Andre Iguodala may be the ultimate role player.
He's more than talented enough to be one of the top players on almost any team in the league. We know he's one of the best defensive players in the league, even if All-Defensive Team voters refuse to give him the credit he deserves every year. Want him to defend Tony Parker? Done. Want him to chase Stephen Curry and Klay Thompson around screens (obviously before this season)? No problem. Need him to body up Carmelo Anthony or Kevin Durant for 40 minutes? He'll do it with a smile.
He's like a more durable, more intense version of what we used to see from Andrei Kirilenko. But he's capable of being so much more than just a defensive role player. He has an all-around game that few in this league can match. He can score. There was a three-season period in which he averaged over 18 points each year. He can pass. He's averaged at least 5.3 assists in seven of his last eight seasons.
So far this season, he's also been able to shoot and shoot with deadly accuracy. Iguodala is known for doing a lot of things well but we've rarely seen him as a consistent shooter. As a member of the Warriors, he not only doesn't have to shoot all that often but he only has to take good shots if he wants to. They typically have so many weapons with him on the floor at one time that he can use his handle and quickness to move into the heart of the defense and find a safety valve.
When Iguodala was with the Philadelphia 76ers in 2011-12, 18 percent of his shots came in the last four seconds of the shot clock. Moving to the Denver Nuggets in 2012-13 didn't change that much either; 17 percent of his shots happened in the final four seconds of the allotted 24. Through the first eight games of the season for Andre Iguodala, he's no longer the guy who has to fall on the sword at the end of the shot clock. Just 4.0 percent of his field goal attempts have come at the end of the clock.
It's a big part of the reason Iguodala's field goal and 3-point percentages are so high this season. He's made 58.1 percent of his shots from the field and 46.9 percent of his 3-pointers. He simply doesn't have to shoot unless it's a great look. Nearly one-third of his field goal attempts come on catch-and-shoot opportunities. Over half of his 3-point looks are catch-and-shoot.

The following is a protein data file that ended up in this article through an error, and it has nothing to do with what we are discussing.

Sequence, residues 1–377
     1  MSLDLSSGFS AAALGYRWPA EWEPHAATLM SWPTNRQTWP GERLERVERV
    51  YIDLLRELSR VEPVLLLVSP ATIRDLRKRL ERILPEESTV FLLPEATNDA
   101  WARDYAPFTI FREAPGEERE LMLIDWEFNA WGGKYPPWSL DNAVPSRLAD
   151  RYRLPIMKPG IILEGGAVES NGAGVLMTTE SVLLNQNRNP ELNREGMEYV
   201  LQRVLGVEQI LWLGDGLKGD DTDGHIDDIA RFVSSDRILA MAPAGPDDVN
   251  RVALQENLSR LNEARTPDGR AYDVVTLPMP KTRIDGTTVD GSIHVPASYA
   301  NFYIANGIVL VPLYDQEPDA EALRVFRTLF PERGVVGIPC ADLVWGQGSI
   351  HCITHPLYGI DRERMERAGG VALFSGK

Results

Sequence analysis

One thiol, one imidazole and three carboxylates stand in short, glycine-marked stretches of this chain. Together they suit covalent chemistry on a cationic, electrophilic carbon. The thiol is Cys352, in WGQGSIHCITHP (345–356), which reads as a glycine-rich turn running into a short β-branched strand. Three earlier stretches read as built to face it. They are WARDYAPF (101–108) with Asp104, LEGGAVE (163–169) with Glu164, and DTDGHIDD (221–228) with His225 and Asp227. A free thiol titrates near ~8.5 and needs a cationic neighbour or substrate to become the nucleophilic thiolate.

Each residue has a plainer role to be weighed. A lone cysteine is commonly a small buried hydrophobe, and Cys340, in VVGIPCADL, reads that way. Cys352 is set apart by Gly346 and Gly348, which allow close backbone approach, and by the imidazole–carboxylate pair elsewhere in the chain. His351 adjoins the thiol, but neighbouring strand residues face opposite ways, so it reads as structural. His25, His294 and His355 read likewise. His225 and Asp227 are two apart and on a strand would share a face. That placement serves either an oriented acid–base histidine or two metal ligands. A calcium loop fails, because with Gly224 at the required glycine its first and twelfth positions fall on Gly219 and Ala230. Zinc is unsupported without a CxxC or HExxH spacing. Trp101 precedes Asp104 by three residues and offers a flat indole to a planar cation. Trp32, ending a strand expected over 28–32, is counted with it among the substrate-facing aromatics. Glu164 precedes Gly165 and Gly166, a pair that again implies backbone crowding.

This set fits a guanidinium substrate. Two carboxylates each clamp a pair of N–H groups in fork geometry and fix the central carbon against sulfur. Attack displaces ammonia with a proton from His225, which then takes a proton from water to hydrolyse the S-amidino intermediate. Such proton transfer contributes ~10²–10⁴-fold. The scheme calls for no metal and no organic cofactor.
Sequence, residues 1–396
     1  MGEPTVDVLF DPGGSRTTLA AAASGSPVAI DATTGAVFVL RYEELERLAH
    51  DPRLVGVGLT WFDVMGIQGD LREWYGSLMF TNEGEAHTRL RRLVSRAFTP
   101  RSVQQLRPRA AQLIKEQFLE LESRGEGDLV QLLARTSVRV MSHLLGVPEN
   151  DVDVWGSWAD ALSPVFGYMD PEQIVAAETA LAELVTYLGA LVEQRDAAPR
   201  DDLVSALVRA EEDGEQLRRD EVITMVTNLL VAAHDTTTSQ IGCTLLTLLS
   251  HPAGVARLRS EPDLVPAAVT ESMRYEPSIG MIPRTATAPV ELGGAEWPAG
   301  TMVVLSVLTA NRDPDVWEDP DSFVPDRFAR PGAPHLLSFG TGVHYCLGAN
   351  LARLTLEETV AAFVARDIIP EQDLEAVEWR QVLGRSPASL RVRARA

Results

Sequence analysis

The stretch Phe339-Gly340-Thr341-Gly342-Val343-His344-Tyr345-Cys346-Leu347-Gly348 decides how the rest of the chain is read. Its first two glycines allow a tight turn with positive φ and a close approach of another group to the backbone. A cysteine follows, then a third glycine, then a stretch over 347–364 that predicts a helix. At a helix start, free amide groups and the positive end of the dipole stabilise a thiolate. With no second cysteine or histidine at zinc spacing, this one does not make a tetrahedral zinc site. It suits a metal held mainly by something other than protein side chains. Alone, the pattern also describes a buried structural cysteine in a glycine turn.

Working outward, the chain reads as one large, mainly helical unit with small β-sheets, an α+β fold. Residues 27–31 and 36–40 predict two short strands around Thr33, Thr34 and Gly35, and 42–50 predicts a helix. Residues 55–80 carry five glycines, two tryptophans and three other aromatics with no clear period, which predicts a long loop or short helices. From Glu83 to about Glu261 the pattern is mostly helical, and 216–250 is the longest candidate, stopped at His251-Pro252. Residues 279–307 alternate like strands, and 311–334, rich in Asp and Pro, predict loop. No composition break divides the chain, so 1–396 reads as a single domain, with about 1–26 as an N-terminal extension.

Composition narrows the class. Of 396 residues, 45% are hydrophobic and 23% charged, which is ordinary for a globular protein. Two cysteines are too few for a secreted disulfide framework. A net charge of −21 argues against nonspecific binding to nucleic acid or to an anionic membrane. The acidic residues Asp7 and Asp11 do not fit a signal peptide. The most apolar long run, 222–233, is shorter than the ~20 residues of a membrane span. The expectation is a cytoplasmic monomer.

He's shooting 65.2 percent from the field on all catch-and-shoot attempts and 61.9 percent on catch-and-shoot 3-pointers. He currently exists in a perfectly complementary offensive situation with the Warriors as their fourth option. The fact that they can spread the ball around and don't have to rely on one player creating shots for himself is a big reason why all five of the Warriors starters have made at least 50.0 percent of their shots this season.
These results are unlikely to trend over the course of an 82-game season. However, setting career highs in field goal percentage (50.0 percent in 2005-06) and 3-point percentage (39.4 percent in 2011-12) are easily attainable goals for Iguodala while he provides them with his Swiss Army Knife player.
Iguodala's ability to perfectly adapt to what the Warriors want to do centered around Stephen Curry, Klay Thompson, and David Lee along with the putrid bench scoring of the Warriors have given him an incredible impact on the offense end of the floor. The Warriors score just 77.6 points per 100 possessions with him on the bench, as opposed to 111.6 with him on the floor. Those numbers scream of small sample size and will come more toward the middle as the season progresses.
However, as of right now Andre Iguodala is fitting in perfectly with whatever the Warriors need him to do. Pass the ball? He's doing that. Incredible defense? That's always a lock from him. Be an efficient scorer for a team with incredible offensive potential? He can apparently do that too.
Stats for this article via nba.com/stats and 82games.com